Ten Fatal Mistakes to Ruin your Presentation

man standing


Hard to believe another year is gone and we are now starting the year 2014!  For those of you who remember the movie “Back to the Future 2”  Marty McFly time traveled to the year 2015 which is now only a year away!  I’m anxiously awaiting the hover boards for next Christmas.


I have always found “time” to be a curious dimension as it appears to have no beginning nor end but just keeps accumulating.  However, it does seem to go faster as we get older and the only way I can rationalize that phenomenon is that when you were 4 years of age, 1 year was a “whopping” 25 percent of your life, compared to when you are 50 years of age that one year only amounts to a “meager” 2 percent of your life…. sorry I have digressed from the subject.


While reading through an article in the Harvard Business Review on the subject on “How to Give a Killer Presentation by Chris Anderson,  I came across these Ten Fatal Mistakes that will ruin a presentation that I thought were worthy to review;


  1. Take a really long time to explain what your talk is about.
  2. Speak slowly and dramatically.  Why talk when you can orate?
  3. Make sure you subtly let everyone know how important you are.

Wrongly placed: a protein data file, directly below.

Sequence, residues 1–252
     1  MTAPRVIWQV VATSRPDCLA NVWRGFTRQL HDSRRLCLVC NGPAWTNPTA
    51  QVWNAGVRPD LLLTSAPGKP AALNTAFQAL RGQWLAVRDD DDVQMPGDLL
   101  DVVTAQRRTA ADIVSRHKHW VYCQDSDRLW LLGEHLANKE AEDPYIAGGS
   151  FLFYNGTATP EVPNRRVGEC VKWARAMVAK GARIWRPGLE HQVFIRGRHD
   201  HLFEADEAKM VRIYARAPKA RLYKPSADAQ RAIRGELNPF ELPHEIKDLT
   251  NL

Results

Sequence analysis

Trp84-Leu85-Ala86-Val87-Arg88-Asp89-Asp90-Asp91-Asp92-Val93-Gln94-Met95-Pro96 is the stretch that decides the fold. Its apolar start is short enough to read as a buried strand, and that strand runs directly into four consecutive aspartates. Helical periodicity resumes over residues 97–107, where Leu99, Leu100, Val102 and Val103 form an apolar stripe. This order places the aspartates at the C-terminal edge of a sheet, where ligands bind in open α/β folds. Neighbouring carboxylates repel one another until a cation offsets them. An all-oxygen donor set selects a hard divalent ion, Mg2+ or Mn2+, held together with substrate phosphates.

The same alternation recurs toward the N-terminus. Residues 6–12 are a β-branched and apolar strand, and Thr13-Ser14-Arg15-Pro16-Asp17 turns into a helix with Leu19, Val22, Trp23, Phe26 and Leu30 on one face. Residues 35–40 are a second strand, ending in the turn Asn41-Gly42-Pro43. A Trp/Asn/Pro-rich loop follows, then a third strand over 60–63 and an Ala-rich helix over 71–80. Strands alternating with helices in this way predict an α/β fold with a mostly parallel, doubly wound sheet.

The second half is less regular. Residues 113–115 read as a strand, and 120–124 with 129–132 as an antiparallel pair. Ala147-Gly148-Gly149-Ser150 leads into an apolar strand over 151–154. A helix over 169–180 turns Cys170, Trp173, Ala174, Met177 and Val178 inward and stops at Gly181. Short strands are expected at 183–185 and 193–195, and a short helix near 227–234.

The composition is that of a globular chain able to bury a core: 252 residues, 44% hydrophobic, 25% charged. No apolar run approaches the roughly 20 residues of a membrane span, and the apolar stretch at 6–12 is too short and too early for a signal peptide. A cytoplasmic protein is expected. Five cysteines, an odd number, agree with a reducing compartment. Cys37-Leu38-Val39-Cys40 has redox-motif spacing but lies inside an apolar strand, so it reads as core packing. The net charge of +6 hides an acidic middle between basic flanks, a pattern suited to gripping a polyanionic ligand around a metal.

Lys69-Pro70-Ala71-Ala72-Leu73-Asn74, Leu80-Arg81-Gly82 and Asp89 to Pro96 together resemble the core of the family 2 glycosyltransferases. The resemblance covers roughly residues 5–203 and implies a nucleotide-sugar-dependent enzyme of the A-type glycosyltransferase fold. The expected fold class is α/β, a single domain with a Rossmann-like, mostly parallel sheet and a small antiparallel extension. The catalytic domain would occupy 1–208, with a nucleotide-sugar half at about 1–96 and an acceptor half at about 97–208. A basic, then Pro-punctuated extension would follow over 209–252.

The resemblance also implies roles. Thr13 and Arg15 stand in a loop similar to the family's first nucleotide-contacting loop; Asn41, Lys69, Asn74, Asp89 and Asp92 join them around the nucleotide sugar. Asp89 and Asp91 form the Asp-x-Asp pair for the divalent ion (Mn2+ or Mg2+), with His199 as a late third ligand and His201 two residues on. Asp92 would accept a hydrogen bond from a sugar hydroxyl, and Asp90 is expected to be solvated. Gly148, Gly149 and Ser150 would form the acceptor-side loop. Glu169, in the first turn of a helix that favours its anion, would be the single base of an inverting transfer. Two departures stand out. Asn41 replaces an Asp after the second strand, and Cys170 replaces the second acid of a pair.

4. Refer to your book repeatedly.  Even better, quote yourself from it.
  5. Cram your slide with numerous text and bullet points and multiple fonts.
  6. Use lots of unexplained technical jargon to make yourself sound smart.
  7. Speak at great length about the history of your organization and its glorious achievements.
  8. Don’t bother rehearsing to check how long your talk is running.
  9. Sound as if you’re reciting your talk from memory.
  10. Never, ever make eye contact with anyone in the audience.


The article goes into more details on how to make a Killer of a Presentation that is really worth the read.  The most impactful part of the article started off with the story about a young pre-teenage boy from Kenya that actually presented at a TED conference.  He wasn’t a gifted speaker but used the art of telling a story that this article elaborated on that concluded with him receiving a standing ovation.  Here is the link to the beginning of the article and this boy’s actual presentation.  http://hbr.org/2013/06/how-to-give-a-killer-presentation/ar/1  .  The presentation is only about 7 minutes but it is worth watching to see how he tells his story and uses appropriate mixes of pictures and graphics.  

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